Besides, by ensuring equal access to users with disabilities, organizations and businesses contribute to creating a more inclusive and equitable digital environment for all.
Common Challenges in WCAG 2.2 Implementation and Useful Solutions:
Implementing WCAG 2.2 can be complex and challenging for businesses and organizations, as incorporating them into web development and maintenance processes can pose significant hurdles.
5 Common Challenges Businesses Face
The five common challenges faced by most businesses and web developers while implementing WCAG 2.2 include:
- Lack of Awareness and Understanding: Many businesses and organizations lack a comprehensive understanding of WCAG 2.2 and its implications for their websites and applications. This lack of knowledge can lead to unintentional non-compliance and potential legal issues.
- Resource Constraints: Implementing WCAG 2.2 often requires significant financial and human resources. Businesses may need to allocate additional funds for accessibility testing, training, and software tools while dedicating staff time to address accessibility issues.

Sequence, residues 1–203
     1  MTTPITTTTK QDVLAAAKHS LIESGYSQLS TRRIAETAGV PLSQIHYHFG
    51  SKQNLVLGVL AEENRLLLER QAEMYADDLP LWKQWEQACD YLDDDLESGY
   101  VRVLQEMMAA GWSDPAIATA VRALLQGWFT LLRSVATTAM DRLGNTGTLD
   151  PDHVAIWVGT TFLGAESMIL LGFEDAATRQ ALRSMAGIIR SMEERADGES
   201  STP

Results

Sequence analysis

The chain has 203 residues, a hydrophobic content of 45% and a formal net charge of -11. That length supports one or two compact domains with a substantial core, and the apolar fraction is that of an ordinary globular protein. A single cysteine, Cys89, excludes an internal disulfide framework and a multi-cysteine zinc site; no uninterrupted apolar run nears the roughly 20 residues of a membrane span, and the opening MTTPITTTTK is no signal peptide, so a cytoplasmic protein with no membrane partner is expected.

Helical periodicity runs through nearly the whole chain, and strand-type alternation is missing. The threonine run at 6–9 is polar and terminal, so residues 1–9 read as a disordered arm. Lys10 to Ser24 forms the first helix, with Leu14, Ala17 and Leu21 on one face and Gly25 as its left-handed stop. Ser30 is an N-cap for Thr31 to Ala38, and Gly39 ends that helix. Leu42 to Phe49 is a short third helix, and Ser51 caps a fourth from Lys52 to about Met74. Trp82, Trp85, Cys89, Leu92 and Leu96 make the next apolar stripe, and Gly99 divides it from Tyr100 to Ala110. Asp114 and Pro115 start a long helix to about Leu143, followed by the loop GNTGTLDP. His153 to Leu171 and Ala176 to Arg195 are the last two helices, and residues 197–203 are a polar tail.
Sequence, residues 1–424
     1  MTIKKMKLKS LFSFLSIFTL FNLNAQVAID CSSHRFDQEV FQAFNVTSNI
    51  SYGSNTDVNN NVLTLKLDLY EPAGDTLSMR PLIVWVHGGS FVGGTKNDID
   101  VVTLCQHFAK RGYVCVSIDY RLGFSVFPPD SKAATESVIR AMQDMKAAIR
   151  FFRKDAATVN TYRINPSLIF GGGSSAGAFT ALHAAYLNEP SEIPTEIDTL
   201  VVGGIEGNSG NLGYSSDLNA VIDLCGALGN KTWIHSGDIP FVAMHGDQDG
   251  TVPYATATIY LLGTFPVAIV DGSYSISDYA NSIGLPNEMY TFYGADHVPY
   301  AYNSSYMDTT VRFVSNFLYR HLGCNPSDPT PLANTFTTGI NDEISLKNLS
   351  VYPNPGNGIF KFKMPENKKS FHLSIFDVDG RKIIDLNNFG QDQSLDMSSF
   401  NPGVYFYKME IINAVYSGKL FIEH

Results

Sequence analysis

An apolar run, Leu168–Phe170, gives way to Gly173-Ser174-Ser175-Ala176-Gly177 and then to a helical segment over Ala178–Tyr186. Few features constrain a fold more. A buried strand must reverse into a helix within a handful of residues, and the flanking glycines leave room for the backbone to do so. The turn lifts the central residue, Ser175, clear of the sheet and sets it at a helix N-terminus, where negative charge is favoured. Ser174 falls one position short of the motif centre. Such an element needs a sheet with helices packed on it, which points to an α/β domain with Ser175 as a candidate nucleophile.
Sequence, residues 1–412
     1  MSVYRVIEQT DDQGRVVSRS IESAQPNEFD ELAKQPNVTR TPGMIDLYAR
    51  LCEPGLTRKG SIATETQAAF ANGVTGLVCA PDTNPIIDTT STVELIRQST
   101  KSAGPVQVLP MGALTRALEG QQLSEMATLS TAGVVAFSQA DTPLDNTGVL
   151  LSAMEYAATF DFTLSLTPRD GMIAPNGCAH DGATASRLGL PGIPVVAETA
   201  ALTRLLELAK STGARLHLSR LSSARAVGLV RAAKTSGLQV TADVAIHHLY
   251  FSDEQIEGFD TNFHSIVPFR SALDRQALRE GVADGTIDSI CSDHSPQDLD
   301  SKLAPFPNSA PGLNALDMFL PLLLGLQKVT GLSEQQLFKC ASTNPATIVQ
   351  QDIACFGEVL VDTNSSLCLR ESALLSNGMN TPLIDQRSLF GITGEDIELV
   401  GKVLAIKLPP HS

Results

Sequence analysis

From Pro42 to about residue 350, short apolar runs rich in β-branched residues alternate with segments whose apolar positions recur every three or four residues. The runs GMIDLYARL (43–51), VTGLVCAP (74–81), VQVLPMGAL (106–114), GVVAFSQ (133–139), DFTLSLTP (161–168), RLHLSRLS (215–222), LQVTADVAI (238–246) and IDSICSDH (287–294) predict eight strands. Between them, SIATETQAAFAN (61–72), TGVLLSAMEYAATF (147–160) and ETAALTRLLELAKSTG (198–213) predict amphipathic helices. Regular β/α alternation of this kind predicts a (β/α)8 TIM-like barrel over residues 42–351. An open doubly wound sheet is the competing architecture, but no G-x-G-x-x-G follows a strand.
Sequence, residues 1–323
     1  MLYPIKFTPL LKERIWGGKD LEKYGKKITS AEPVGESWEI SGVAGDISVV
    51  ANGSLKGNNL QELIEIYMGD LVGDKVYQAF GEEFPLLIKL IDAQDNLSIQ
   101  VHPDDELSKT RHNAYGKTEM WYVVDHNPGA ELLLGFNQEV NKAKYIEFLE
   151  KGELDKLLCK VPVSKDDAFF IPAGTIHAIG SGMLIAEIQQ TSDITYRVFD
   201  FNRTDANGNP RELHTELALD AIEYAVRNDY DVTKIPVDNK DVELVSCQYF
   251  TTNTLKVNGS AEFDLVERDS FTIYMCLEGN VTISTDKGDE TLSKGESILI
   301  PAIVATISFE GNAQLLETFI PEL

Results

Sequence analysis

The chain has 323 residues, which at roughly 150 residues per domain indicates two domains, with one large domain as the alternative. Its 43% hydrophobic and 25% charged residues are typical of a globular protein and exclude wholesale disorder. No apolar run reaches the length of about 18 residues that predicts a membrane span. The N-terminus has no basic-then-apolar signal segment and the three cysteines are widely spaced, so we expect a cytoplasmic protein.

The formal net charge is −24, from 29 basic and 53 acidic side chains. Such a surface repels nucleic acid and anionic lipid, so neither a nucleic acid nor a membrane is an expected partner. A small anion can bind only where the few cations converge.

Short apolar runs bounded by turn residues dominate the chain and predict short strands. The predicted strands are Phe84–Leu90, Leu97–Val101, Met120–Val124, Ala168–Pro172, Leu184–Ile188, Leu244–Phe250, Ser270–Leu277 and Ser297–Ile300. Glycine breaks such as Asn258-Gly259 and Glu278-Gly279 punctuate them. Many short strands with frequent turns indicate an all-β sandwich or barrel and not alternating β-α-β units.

- Legacy Technology and Codebases: Websites and applications built on older technologies or with complex codebases may be more challenging to adapt to WCAG 2.2 standards. This can require extensive, time-consuming, and costly refactoring and code remediation.
- Content Management Systems (CMS) and Third-party Tools: Integrating WCAG 2.2 compliance into CMS and third-party tools can be tricky, especially in tools lacking built-in accessibility features.
- Ongoing Maintenance and Testing: WCAG 2.2 compliance is not a one-time project. It requires ongoing maintenance and testing to ensure new content and updates adhere to the guidelines. This can add to the ongoing costs and resource demands for maintaining an accessible website.
Practical Solutions to Overcome Challenges